Political Sociology in action

It was mentioned on the blog some weeks ago that the time was coming when the retirement age would be extended as the population grew smaller and older. The pandemic has forced this idea into the political world today. Recently, Senator Ron Johnson (Trumpist republican) proposed putting seniors back to work – after they already had retired and started claiming Social Security benefits. Senator Ron’s motivation is suspicious; perhaps he found a new way to cut the cost of Social Security benefits simply by ignoring that it exists and ignoring the earned right to be on Social Security – or maybe civil rights are subservient to authoritative mandates.

Once a predator has been turned loose, it is difficult to put it back on the leash. This is the case between capitalism and socialism as resources become scarce, human environmental relationships begin to fail and plutocratic/authoritative defense mechanisms turn increasingly predatory. This battle will take decades to restore balance to society.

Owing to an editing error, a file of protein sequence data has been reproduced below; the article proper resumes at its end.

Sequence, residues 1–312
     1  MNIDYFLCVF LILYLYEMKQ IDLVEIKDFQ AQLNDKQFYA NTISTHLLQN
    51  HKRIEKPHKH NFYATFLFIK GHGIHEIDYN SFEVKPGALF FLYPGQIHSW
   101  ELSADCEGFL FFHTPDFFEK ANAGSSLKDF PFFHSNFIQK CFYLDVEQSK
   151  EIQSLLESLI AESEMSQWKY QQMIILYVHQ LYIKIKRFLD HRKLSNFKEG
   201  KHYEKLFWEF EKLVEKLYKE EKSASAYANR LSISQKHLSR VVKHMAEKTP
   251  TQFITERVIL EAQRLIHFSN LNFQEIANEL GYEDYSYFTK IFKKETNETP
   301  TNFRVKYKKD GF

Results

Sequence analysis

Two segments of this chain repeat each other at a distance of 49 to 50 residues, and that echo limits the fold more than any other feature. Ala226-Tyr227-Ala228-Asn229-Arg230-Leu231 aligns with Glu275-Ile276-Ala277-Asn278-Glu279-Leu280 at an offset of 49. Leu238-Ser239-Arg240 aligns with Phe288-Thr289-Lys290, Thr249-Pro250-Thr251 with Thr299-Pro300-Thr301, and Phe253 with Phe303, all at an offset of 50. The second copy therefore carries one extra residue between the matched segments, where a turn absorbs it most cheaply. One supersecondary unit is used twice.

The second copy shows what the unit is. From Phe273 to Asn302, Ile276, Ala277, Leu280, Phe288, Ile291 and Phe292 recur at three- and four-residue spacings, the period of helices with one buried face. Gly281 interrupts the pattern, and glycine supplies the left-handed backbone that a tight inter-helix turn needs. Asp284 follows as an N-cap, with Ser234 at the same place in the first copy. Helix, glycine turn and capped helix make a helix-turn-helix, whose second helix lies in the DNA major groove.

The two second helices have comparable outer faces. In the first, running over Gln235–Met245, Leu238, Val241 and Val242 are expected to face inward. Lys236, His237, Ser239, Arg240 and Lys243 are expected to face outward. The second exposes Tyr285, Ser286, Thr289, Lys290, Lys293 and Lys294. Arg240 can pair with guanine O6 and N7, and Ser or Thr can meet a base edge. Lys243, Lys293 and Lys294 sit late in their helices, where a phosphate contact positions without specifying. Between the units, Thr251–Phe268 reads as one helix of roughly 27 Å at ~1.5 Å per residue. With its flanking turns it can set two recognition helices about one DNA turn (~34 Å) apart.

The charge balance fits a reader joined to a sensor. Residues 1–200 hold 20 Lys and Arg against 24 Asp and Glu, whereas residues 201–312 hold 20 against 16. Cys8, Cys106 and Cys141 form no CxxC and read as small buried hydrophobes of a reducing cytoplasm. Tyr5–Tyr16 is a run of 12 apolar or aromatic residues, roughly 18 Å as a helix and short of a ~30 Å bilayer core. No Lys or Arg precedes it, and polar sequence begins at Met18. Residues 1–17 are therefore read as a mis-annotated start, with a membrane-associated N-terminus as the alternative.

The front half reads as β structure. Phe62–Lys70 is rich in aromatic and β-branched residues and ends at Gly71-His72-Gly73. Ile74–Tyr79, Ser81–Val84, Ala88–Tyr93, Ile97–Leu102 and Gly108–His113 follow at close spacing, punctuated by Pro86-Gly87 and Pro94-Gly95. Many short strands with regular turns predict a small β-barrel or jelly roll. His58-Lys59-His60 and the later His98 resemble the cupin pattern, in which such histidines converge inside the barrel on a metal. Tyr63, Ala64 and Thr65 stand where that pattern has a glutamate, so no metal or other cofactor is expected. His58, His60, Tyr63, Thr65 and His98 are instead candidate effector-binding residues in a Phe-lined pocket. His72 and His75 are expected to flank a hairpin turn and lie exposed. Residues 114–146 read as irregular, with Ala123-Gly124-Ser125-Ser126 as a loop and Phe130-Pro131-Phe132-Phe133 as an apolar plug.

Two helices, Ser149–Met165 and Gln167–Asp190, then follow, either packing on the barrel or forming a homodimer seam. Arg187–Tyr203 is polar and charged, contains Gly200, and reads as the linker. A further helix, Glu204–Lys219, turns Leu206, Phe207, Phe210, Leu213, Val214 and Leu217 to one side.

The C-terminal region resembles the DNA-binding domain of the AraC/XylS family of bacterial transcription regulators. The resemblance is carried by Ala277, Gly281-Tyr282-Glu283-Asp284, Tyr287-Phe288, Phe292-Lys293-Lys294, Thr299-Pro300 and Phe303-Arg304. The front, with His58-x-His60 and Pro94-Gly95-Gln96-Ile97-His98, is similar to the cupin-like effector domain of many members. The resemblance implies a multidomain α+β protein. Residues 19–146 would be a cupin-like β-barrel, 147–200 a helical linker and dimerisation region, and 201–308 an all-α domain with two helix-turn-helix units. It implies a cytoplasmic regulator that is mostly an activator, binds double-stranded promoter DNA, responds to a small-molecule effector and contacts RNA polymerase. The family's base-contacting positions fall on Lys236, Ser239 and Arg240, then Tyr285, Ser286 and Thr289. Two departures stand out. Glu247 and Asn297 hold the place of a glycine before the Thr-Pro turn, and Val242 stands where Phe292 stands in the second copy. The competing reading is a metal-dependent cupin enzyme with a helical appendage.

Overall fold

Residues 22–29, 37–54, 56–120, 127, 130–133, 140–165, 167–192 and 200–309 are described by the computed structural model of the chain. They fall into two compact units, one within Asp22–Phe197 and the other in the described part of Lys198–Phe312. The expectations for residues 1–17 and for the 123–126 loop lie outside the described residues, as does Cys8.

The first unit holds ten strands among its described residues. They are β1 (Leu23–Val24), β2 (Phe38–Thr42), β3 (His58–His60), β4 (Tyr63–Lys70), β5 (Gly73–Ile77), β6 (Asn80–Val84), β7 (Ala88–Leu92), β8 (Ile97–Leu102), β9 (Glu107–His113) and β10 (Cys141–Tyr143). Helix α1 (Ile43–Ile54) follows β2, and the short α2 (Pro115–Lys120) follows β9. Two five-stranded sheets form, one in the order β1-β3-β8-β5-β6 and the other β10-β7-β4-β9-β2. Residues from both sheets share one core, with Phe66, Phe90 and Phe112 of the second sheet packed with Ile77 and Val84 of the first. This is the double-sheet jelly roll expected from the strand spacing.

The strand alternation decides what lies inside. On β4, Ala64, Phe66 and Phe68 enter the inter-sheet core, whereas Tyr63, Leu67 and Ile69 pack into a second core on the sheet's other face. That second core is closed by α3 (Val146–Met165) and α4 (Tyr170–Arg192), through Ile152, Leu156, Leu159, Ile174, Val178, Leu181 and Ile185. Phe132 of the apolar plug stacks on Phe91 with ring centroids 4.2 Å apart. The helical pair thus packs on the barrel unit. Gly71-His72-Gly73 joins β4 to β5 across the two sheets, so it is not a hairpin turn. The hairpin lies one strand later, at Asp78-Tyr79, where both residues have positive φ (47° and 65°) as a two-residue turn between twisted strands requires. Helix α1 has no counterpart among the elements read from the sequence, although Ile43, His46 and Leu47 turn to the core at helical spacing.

Recent history has shown that less sophisticated nations easily fall prey to authoritative leadership. Is the United States capable of putting the leash on prowling predators?

Who are economic predators? “everybody’s on their own” capitalists, a number of hoarding types like monopolistic corporations, venture capitalists and private equity types; also antidemocratic and libertarian types.

In the end, the outcome will be based on who controls the military and whether a legitimate, operational constitution holds together. Remember when Donald tried to call out the US military to quash Black Lives Matter and ‘de-fund the police’ protests?

Our personal liberties and democratic government lie within the realm of an arbitrary future. Perhaps we should win a big lottery just in case.

Ancient Mariner


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